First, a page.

It will thus be seen that there is provided a device in which the several objects of this invention are achieved, and which is well adaptedl to meet the conditions of practical use.

As various possible embodiments might be made of the above invention, and as various changes might be made in the embodiment above set forth or shown in the accompanying drawing, said embodiment is to be interpreted as illustrative and not in a limiting sense. Any permissible change in the construction must fall within the purview of the claims.

Having thus described my invention I claim as new and desire to secure by Letters Patent:

1. A surgical drain comprising an outer tube and an inner tube coaxial therewith, means to fix said inner tube to said outer tube, a flexible fluid pervious tube attached to one end of the outer tube and extending therefrom, a flexible conduit attached to one end of said inner tube and disposed within said flexible tube, and communicating therewith, means to connect the outer tube with the atmosphere, and means to connect said inner tube to a source of vacuum.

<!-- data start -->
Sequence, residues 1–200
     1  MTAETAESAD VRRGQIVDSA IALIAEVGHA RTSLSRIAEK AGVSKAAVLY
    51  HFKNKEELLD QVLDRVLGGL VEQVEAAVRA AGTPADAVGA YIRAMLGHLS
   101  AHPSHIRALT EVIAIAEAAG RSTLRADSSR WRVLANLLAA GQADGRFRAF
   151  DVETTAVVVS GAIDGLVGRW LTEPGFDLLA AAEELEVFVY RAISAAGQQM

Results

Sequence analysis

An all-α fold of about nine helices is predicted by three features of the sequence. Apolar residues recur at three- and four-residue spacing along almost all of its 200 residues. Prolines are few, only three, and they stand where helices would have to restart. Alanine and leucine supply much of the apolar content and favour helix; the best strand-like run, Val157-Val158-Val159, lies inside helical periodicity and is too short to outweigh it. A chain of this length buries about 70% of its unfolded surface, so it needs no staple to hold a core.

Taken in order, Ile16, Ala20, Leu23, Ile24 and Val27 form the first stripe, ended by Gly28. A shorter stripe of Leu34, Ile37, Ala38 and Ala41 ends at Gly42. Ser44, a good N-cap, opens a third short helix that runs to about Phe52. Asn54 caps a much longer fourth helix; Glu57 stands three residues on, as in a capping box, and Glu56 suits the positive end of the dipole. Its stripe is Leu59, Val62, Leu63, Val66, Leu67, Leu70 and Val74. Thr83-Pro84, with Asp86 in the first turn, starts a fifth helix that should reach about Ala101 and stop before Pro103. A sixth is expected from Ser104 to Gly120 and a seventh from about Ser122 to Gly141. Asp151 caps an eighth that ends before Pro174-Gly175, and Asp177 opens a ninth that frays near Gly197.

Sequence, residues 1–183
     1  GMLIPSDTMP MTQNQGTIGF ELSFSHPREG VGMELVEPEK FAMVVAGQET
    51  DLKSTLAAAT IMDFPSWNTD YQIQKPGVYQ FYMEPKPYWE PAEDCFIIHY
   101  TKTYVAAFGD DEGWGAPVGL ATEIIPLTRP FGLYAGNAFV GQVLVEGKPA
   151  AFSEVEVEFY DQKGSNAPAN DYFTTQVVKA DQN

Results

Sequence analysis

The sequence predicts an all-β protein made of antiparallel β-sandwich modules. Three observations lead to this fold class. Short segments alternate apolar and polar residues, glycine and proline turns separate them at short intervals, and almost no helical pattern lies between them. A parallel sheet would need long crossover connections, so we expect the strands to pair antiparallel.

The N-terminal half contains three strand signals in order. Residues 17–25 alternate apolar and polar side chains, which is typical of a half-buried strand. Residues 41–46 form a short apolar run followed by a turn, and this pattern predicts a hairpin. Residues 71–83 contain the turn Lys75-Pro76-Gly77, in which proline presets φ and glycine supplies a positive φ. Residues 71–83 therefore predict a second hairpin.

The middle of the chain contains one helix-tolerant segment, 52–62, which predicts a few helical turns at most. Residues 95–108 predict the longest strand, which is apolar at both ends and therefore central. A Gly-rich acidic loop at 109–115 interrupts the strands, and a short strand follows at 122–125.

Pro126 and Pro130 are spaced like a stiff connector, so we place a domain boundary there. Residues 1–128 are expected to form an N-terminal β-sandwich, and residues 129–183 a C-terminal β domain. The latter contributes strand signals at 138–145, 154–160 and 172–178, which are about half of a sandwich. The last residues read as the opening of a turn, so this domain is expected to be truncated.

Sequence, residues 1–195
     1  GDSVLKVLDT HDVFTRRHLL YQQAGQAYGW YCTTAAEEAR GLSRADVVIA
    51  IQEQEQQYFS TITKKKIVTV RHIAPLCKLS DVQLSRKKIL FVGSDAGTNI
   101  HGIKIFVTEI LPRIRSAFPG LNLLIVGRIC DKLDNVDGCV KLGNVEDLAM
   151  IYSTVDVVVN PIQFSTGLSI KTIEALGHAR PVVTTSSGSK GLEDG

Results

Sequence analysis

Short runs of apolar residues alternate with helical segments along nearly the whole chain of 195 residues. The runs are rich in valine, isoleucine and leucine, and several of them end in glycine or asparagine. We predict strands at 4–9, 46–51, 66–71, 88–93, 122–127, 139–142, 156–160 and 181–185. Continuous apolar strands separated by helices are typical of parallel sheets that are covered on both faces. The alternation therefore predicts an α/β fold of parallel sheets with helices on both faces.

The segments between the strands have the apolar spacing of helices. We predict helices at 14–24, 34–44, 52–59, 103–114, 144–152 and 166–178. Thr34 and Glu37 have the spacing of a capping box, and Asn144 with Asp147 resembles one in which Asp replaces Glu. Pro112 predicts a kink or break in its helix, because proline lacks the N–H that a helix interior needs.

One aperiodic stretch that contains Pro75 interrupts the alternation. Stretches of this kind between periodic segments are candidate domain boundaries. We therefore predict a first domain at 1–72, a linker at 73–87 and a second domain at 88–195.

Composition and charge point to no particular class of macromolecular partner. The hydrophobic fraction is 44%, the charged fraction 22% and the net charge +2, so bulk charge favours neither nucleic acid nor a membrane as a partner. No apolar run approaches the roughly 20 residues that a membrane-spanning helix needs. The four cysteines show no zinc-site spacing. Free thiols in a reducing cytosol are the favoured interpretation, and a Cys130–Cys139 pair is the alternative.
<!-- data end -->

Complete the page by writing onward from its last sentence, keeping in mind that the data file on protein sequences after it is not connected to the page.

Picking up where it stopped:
2. A surgical drain comprising an outer tube and and inner tube coaxial therewith, means to fix said inner tube to said outer tube, a flexible fluid pervious tube attached to one end of the outer tube and extending therefrom, a flexible conduit attached to one end of said inner tube and disposed within said flexible tube, and communicating therewith, means to connect the outer tube with the atmosphere, and means to connect said inner tube to a source of vacuum and a positioning plate slidably mounted on said outer tube, and means to fix said positioning plate on said outer tube in various adjusted positions.

3. A surgical drain comprising an outer tube and an inner tube coaxial therewith, means to x said inner tube to said outer tuba a flexible fluid pervious tube attached to one end of the outer tube and extending therefrom, a flexible conduit attached to one end of said inner tube and disposed within said flexible tube, and communicating therewith, means to connect the outer tube with the atmosphere, and means to connect said inner tube to a source of vacuum, a positioning plate slidably mounted on said outer tube, and means to flx said positioning plate on said outer tube in various adjusted positions, said positioning plate being provided with means to receive a strap.